Karen Russell has plenty to be grateful for. Her novel, Swamplandia! -- the first one she ever wrote, by the way -- enjoyed widespread popularity, critical acclaim, and was even picked up by HBO, which plans to turn it into a series. Oh, and that same novel was a finalist for this year's Pulitzer Prize for Fiction.
But it didn't win. Who did? Absolutely no one.
For the first time in 35 years, the Pulitzer committee did not name a winner in the fiction category. What's up with that? The most popular theory appears to be that Russell's age -- 29 -- kept her out of the running.
The New York Times' Media Decoder blog reports:
One theory suggested that the Pulitzer board was perplexed by an unconventional group of finalists.
The finalists were Denis Johnson for "Train Dreams," a book that was originally published as a novella in The Paris Review in 2002 and then repackaged and released as a hardcover by Farrar, Straus & Giroux; Karen Russell, whose debut novel "Swamplandia!" was published by Knopf when she was only 29; and David Foster Wallace for "The Pale King," a book that was unfinished at the time of the author's death and later completed by his editor.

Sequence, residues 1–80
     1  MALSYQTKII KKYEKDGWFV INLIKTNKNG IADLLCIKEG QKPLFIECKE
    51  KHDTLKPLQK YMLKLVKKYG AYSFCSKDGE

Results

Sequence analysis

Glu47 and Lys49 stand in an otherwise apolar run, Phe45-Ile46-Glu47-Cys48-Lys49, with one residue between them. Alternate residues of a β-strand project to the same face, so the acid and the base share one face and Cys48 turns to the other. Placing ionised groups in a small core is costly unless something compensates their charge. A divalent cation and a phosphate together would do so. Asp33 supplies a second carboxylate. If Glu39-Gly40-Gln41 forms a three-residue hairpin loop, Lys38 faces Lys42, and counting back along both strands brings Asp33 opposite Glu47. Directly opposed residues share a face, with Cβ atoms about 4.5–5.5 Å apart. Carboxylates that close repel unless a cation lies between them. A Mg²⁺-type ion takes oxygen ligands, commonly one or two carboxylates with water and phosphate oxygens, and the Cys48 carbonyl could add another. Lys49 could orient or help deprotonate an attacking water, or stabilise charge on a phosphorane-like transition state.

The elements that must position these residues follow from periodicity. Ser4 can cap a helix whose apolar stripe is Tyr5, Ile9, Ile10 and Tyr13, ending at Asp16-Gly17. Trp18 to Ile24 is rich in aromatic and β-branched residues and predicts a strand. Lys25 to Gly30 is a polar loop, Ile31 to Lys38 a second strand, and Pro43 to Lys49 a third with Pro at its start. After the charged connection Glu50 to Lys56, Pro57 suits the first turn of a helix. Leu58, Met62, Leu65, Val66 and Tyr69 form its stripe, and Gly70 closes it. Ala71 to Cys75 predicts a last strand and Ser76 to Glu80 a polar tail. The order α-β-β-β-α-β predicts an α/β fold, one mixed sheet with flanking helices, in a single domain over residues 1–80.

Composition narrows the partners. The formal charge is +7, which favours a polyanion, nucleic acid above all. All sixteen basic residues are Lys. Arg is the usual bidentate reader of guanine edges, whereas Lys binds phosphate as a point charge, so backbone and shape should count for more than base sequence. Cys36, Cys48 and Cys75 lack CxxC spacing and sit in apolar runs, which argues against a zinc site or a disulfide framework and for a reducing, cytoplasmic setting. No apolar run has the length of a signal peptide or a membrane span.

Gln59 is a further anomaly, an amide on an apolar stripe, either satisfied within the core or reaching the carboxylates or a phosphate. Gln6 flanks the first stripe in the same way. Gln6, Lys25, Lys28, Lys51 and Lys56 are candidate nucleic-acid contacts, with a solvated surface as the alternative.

If you like this story, consider signing up for our email newsletters.
SHOW ME HOW
You have successfully signed up for your selected newsletter(s) - please keep an eye on your mailbox, we're movin' in!
We get that Johnson's effort may seem like old news, and that there are certainly tricky ethics to giving a posthumous award to Wallace for a book his editor finished. But Russell's only drawback appears to be her age. And that's strange in a year when the Pulitzer was awarded to one of its youngest winners ever -- 24-year-old Sara Ganim, who won for local reporting. We demand a recount!
For their part, all the authors -- or, at least, their editors -- appear to be handling things with the grace of a snubbed Oscar favorite. Jordan Pavlin, Russell's editor, told Media Decoder, "I was so thrilled for Karen, then my second response was, what a shame, because the committee had it in their power to do something so wonderful for any one of those novelists."
That "something wonderful" stems far beyond mere recognition -- Pulitzer prizes historically translate into book sales as well. But there is one silver lining. That "bumper-to-bumper traffic" on Tamiami Trail we predicted last year? Yeah, that's probably not going to happen now.